A point of misunderstanding here, my fault for being unclear. I am STARTING from fixation in the population. My understanding is that new alleles arrive at roughly the mutation rate (all mutations, not just single nucleotide replacement). *Any negative selection has already occurred at the time of fixation, otherwise it wouldn’t be fixed.* Positive selection means it fixes more quickly but is not relevant - I am starting my clock at fixation.

Of course not every recombination results in improved fitness. My point is there are a truly astounding number of possible recombination of allele pairs, allele tripletes, etc., which have the potential to create a new trait.

For example, let’s say that only 200 genes are relevant to the differences between human and pan, ignoring the other 99% of genes. I feel this is being conservative. Now let a single new allele become fixed. It is unlikely to be a beneficial trait all by itself, but consider the potential trait that are allow by recombnination. There are …

200 (200 choose 2) possible allele pairs that may generate a new trait,

19,900 (200 choose 3) allele triplets that may generate a new trait,

1,313,400 (200 choose 4) quadruplets that may generate a new trait,

~6.5 million 5 allele tuples,

~2.5 trillion 6 allele tuples,

and this continues to increase by roughly an order of magnitude for each additional allele for quite a while.

[EDIT *Long after the fact*: I’m off by a step here. The first paring has 200 combinations (200 choose 1) with the new allele. There are 200 choose 2 existing pairs to form triplets with the new allele, 200 choose 3 triplets to form quadruplets, etc… Dan]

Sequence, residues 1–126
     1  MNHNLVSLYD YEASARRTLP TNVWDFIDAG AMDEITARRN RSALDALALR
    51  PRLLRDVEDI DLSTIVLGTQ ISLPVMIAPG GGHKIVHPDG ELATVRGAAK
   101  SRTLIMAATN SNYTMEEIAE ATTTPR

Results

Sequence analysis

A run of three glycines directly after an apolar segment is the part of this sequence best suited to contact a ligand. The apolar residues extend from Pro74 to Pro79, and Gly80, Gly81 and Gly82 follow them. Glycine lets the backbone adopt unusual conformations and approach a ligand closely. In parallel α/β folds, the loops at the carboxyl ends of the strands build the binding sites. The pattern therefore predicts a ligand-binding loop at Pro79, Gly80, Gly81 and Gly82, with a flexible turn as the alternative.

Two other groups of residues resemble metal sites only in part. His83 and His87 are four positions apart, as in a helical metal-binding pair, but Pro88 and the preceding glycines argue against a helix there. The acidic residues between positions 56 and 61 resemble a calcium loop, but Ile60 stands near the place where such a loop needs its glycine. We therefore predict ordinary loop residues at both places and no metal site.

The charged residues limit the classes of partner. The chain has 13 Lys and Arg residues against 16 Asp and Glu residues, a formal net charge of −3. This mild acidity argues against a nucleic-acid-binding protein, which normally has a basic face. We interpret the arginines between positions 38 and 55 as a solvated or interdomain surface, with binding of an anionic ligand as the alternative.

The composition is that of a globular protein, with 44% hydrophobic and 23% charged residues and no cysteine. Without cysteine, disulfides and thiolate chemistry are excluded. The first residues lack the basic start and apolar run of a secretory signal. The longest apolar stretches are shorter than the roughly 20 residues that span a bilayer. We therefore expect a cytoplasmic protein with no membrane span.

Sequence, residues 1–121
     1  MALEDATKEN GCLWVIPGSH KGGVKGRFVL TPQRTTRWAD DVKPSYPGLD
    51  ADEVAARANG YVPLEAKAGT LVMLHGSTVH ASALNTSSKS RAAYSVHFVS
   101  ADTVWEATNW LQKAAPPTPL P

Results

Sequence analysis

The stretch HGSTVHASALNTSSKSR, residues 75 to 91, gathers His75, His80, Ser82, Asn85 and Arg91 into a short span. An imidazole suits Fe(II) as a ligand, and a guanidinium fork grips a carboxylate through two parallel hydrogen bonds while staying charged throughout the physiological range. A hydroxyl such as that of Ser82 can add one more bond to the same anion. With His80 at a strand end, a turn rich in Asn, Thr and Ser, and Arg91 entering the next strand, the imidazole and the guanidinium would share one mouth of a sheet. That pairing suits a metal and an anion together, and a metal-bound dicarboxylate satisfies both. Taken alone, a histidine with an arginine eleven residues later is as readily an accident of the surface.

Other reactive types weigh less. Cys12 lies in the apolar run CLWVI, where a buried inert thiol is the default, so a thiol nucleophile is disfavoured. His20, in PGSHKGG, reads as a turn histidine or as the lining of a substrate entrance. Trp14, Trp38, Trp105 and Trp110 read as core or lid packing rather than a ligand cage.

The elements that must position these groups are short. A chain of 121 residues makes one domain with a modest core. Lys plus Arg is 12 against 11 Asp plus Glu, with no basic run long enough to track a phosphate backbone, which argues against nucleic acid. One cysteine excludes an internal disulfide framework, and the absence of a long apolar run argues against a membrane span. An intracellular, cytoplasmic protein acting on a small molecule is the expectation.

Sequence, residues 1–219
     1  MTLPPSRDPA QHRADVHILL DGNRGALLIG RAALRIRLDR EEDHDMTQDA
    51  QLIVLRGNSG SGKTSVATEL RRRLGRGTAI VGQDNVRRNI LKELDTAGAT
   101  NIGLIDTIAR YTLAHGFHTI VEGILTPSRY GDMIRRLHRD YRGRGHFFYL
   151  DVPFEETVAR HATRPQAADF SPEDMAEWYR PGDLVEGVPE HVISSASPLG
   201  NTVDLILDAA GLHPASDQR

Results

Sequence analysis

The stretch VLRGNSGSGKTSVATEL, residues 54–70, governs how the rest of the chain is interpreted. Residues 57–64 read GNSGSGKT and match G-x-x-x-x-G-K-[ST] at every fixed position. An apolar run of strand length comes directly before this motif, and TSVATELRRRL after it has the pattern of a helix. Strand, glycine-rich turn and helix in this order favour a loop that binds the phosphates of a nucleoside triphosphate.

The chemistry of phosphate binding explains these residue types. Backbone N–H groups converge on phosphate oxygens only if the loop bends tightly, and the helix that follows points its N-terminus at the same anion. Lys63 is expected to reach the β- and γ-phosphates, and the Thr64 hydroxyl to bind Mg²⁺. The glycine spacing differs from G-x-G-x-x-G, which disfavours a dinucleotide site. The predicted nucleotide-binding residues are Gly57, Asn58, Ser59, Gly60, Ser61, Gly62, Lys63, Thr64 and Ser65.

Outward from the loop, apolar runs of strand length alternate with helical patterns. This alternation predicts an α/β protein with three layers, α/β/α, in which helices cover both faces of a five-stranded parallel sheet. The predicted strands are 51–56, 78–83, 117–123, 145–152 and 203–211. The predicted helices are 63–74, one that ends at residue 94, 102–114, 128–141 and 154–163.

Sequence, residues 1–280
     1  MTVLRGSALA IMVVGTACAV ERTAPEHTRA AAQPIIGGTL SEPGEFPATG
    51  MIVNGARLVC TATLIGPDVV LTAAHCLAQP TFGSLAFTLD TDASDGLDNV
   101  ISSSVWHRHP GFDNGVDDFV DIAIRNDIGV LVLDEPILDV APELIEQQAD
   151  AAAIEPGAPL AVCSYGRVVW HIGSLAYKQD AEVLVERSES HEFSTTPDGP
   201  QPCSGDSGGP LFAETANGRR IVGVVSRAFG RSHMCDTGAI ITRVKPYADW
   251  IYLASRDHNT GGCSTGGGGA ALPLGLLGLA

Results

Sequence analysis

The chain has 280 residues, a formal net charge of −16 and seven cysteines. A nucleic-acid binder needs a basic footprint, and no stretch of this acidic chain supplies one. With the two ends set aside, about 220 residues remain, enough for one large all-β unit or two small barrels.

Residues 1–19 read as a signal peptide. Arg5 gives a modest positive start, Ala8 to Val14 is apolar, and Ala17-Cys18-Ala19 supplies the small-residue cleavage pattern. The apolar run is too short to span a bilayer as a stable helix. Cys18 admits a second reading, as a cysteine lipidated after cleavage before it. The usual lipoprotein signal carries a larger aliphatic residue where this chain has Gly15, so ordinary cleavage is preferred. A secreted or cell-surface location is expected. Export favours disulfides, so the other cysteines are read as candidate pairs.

Now add a *second new allele* to the population and repeat. I’m willing to allow that more complex traits are less common, but it is undeniable that there are a hell of a lot of them (it’s a simplification to assume a small but equal probability for all). The question becomes, out of all of these possible combinations, what is the probability that no beneficial new traits will arise?

I’m sure you know this math already, but I’ve explained it to others so many times before I made a thread for it. For a convenient rule of thumb, the limiting probability of an event **X** with * probability 1/N and N trials* (here allele combinations), the probability

**X**will occur at least once in

**N**trials is ~0.63 (

*=1-1/e*). If the odds of

**X**are 1 in a million, and there have been a million trials, there is a good chance

**X**has happened already.

Now use whatever fixation rate, replication rate, and population size you like, and apply the proper recombination rate to the probability that *at least one* of those combinations is beneficial.

Thank you for the quote, this also makes my case.

Miscellaneous details:

- A single combination need not arrive at the final configuration of a new trait, it need only get “close enough” for positive selection to act. This will significantly increases the probability of arriving at beneficial traits, but it would be difficulty to calculate.
- Only considering single nucleotide replacement only makes the Sharpshooter Fallacy worse. There are also transposition, which don’t create anything new but may allow new combinations the other 99% of the genome I excluded from my example.